Copper, with its distinctive gleaming amber surface and patriotic history, has many uses and benefits. As owners of copper wares and very familiar with its sensitive surface, we turned to an expert on the matter of cleaning and caring for copper: Mac Kohler, founder of Brooklyn Copper Cookware, the sole manufacturer of copper cookware in the United States. According to Kohler, “Natural patinas take years to build up and some chefs have wares that are envy-inducing.” But if you want to get your copper shining again, here are his top tips.

Cleaning Copper with Ketchup and Salt

Equal Parts Ketchup and Salt Make Smudged Copper Shiny.

There are many formulas for polishing copper, with concoctions including lemon juice and ketchup as well as commercially available polishes. In your opinion and experience, what is the best way to clean copper?

People misunderstand the patina on copper as damage or corrosion, but in fact it’s simply the settling of molecules into a more stable order. The Statue of Liberty was initially sprayed with a vinegar solution in order for it to obtain its verdigris (the green pigment), which actually protects the  copper. Once verdigris sets in, the copper will never corrode. The polishing process actually stirs up the molecules into a state of chaos, and the sheen is derived from the prisms of the molecules.

My go-to recipe for polishing copper is equal parts kosher salt and ketchup. Squeeze out a big glob of ketchup and add salt in equal measure. Spread the solution on the copperware and work it with a soft cotton or hemp cloth—no polyester or synthetics, as they will scratch the surface. Buff it out with another natural soft cloth. If you have dark spots on your copper, they’re likely a carbon stain from cooking something starchy, like pasta. (The water has been taken out of the carbohydrates, creating just carbon, which is black.) Carbon and copper bond easily and these spots require a stronger commercial solution. If they don’t come off, they need to be mechanically buffed, essentially breaking off the carbon on the copper surface. I’ve even heard of people using a shoe buffer or an orbital sander with a buffing attachment!

Steps for Cleaning Copper

Apply. Rub. Buff. Clean.

I was recently gifted a pair of vintage Moscow Mule mugs with the original Cock and Bull restaurant imprint from the 1940s. I’m so excited to use them, but I notice they are no longer lined with anything. For example, all Brooklyn Copper Cookware is lined with tin. How important are the linings in copper cookware and is it dangerous if I drink out of my mugs in their current state?  

Copper corrodes when exposed to acid, therefore copper cookware is always lined. You would have to ingest an exorbitant amount of copper for it to be dangerous, but it is better to play it safe and get your mugs relined. However, there is an exception when sugar is involved. The sugar from the ginger beer and simple syrup in a Moscow Mule will impede the copper from leaching into the drink. A good way to test the lining on your mugs or any other cookware is to apply a bit of tomato paste to the section of lining that you are concerned about. If it turns green in the morning, you know that the lining has been breached and your cookware will need to be relined.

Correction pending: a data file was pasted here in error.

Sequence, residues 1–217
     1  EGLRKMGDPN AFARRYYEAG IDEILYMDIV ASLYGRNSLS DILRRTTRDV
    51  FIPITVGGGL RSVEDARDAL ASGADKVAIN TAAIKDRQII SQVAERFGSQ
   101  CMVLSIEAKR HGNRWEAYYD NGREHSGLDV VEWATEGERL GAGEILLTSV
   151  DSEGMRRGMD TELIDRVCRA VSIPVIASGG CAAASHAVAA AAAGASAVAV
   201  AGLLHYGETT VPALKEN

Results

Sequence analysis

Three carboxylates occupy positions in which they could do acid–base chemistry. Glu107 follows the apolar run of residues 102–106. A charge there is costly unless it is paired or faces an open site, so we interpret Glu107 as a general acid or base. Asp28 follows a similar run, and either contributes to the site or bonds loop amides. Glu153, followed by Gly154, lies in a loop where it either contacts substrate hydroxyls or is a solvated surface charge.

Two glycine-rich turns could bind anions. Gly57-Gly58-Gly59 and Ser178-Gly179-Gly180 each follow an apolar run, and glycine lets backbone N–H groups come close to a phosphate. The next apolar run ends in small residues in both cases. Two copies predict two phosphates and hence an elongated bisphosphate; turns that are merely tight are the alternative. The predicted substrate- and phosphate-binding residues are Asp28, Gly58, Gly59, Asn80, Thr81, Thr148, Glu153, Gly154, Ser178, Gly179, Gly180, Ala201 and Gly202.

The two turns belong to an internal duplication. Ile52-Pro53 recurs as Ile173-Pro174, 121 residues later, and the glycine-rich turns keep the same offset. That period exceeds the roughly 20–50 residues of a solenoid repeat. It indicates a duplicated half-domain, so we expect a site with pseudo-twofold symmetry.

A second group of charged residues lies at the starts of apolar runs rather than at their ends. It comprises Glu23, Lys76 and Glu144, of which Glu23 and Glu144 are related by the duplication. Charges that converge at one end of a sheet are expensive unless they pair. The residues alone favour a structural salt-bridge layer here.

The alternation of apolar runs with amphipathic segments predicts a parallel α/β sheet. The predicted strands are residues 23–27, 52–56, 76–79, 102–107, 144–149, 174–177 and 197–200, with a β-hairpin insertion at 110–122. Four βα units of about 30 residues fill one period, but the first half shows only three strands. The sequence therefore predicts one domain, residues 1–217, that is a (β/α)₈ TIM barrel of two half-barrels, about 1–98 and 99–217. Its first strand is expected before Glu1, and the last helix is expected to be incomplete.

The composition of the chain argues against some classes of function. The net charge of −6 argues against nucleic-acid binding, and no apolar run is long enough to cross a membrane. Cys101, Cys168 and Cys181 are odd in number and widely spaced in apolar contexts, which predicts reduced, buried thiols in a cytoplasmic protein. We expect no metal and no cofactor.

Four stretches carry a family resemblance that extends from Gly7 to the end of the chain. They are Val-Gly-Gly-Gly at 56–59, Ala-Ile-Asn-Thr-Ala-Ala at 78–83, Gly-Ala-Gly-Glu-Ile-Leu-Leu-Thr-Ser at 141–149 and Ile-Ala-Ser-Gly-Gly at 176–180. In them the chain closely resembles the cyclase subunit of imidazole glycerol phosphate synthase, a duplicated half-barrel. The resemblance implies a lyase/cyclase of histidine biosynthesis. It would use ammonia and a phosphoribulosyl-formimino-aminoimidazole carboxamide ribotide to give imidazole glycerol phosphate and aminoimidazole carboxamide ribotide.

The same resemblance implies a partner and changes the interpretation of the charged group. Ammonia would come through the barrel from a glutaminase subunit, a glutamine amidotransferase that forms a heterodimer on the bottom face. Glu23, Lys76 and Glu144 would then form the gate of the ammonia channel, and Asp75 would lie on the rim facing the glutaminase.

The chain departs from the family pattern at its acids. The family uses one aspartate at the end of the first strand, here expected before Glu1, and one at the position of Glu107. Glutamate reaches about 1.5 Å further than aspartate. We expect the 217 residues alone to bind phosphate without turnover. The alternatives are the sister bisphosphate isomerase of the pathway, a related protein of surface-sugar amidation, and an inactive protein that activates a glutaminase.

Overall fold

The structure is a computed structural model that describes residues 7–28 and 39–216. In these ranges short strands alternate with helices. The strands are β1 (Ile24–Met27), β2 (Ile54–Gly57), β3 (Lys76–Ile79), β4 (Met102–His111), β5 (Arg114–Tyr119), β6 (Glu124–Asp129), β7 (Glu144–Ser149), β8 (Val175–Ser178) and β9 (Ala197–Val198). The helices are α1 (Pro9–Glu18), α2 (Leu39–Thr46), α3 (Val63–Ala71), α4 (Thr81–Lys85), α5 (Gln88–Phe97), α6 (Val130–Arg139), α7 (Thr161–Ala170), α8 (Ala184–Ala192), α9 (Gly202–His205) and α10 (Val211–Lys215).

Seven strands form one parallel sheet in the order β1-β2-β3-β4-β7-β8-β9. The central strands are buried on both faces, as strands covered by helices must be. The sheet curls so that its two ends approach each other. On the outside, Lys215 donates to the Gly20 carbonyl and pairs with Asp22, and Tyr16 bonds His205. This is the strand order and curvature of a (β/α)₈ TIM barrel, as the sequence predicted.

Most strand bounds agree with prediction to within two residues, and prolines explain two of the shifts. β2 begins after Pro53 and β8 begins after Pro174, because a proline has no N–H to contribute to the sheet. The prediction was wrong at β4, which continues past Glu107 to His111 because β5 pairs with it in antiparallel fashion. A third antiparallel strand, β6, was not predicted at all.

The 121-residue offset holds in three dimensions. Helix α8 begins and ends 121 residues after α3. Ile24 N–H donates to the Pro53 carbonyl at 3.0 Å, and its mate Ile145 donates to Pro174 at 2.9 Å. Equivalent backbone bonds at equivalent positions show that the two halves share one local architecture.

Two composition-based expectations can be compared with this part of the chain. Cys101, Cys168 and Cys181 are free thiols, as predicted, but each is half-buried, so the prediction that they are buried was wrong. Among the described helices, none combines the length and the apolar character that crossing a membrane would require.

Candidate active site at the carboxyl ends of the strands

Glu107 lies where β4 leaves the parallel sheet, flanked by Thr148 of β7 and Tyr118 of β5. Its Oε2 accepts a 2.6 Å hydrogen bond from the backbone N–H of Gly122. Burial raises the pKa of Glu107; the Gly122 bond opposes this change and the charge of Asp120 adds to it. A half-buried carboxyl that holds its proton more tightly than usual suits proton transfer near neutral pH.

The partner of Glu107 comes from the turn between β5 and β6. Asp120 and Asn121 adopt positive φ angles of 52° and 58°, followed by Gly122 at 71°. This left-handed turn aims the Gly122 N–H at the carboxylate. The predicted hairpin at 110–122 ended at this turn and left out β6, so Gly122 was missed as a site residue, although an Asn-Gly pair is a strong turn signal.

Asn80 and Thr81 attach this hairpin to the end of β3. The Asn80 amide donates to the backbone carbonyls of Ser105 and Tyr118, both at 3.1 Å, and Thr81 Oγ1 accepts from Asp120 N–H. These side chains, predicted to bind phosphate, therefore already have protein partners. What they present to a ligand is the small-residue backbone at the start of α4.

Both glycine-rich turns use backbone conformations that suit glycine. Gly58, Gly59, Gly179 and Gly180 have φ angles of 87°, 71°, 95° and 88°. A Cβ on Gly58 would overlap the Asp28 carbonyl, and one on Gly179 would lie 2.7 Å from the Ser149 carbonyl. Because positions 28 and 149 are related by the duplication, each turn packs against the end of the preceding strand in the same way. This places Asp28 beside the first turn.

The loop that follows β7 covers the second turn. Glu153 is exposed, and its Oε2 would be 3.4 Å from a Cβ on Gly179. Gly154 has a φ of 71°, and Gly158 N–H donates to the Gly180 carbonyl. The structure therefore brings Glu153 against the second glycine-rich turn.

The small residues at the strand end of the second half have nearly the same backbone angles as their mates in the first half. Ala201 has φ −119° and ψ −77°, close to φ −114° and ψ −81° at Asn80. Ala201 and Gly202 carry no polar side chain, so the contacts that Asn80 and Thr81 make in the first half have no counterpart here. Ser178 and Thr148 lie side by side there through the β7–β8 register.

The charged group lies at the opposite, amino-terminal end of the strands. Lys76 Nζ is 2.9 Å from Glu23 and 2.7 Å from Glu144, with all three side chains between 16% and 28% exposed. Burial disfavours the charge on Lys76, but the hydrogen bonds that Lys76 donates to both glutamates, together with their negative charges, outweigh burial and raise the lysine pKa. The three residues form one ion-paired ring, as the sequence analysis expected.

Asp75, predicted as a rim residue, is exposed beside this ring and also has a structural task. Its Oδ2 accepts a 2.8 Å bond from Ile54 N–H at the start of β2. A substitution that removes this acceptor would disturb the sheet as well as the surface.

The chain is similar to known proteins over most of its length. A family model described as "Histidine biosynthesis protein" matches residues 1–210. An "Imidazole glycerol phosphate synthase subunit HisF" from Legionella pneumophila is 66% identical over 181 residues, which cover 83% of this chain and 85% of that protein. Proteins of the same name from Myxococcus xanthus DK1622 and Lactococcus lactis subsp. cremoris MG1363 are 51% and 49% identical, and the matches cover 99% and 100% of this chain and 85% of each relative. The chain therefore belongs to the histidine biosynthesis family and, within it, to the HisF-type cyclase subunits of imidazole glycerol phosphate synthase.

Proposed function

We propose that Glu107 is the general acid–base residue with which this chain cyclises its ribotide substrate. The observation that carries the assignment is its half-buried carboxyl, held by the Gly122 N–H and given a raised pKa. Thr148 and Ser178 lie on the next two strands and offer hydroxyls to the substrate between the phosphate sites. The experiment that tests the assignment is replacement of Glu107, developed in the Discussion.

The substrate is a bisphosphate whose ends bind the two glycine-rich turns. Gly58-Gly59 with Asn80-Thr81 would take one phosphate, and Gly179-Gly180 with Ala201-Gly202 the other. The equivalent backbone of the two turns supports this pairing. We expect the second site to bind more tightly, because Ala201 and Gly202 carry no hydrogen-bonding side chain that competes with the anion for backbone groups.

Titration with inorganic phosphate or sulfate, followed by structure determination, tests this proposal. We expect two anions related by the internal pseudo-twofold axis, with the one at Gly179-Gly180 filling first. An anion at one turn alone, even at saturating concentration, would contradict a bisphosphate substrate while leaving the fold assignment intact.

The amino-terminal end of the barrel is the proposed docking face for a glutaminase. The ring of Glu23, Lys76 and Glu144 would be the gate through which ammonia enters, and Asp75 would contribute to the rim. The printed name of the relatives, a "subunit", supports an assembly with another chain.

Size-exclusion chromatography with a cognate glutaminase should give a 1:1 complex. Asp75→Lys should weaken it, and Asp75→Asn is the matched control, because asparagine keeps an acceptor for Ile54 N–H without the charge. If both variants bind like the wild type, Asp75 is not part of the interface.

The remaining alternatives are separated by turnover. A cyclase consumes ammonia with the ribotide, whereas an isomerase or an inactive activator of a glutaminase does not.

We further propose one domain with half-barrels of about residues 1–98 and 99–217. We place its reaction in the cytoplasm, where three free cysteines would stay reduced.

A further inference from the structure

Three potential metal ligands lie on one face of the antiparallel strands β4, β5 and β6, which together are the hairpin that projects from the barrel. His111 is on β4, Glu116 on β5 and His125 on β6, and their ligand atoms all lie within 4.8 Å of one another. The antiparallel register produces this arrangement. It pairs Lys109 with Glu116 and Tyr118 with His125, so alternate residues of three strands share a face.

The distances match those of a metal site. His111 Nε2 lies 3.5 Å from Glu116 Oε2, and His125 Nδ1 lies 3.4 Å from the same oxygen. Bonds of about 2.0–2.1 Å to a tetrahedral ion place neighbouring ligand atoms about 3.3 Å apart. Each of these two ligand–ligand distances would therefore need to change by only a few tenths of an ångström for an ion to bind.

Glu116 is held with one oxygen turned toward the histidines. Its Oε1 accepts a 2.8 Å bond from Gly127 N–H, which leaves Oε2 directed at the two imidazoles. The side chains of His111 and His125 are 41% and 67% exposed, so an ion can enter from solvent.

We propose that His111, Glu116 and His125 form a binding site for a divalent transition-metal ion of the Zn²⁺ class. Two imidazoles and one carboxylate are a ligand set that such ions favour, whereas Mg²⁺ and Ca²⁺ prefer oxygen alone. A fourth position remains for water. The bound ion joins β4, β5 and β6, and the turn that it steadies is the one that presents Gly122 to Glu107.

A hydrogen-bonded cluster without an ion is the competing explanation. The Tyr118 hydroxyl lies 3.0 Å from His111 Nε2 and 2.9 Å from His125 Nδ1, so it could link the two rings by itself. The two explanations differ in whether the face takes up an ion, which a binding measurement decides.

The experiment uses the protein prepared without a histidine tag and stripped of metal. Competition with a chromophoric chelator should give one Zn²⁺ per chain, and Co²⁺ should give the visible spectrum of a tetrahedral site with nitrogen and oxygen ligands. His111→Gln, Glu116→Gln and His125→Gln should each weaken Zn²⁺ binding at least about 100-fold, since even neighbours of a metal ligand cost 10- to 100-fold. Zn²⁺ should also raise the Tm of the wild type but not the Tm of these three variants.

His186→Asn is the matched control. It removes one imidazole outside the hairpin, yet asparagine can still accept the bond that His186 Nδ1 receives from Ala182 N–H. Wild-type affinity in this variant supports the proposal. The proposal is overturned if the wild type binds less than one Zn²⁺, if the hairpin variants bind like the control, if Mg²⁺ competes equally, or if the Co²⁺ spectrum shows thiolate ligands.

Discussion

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  1. Posted March 10, 2013 at 11:35 AM | Permalink

    Very informative, thanks

  2. John Mosca
    Posted March 10, 2013 at 12:52 PM | Permalink

    Does Brooklyn Copper do re-lining? Where are they located? Thank you

  3. Rochelle Bernold
    Posted March 10, 2013 at 9:58 PM | Permalink

    Thanks so much for such an informative piece . I'm off to buy a case of kosher salt and ketchup !

  4. Cass
    Posted March 10, 2013 at 11:55 PM | Permalink

    Hi John,

    Good question. Mac's email is on the Brooklyn Copper website (linked from his name in this article). I'm sure he'd welcome the inquiry! Super nice guy.



  5. Adrian
    Posted March 31, 2013 at 12:47 AM | Permalink

    I'm confused. There are two uses for copper, one is decorative, and one is for cookware. I'm concerned about the cookware.

    There is existing science that proves that bacteria are minimised if you use unlined copper cookware. This means that the copper needs to be exposed. On the other hand, there is some substance to the claim that constantly using unlined copper cookware can lead to copper poisoning or toxicity.

    So, if your copper cookware is lined, then you lose the benefit of the copper, and if it is lined (and you want it that way), then the last thing one wants to do is to clean it with an acid and an abrasive.

    All that aside, this article is contradictory. Why would it be enviable for a chef to have a set of copper cookware that has built up a patina (which is only possible if it is unlined), when the article recommends that one relines your cookware if some ketchup will cause it to turn green?

  6. Jennifer S. Li
    Posted March 31, 2013 at 3:20 AM | Permalink

    Hi Adrian,

    Thanks for your question. To clarify, the enviable patina mentioned is referring to the outside of the cookware vessel. The homemade polish that Mac recommends is also for the outside of copper pieces.

    In terms of choosing lined or unlined copper cookwares, you could certainly cook non-acidic foods (or, as I mentioned above, foods and/or beverages containing sugar) with unlined copper cookware and still reap the anti-bacterial benefits without any toxicity. It is very unlikely to be poisoned from copperware–the amount of exposure required is more than any of us would be exposed to in a lifetime. The tin lining also serves the purpose of ensuring that you can cook any food, acidic or non-acidic, without fear of a bad aftertaste or reaction with the copper.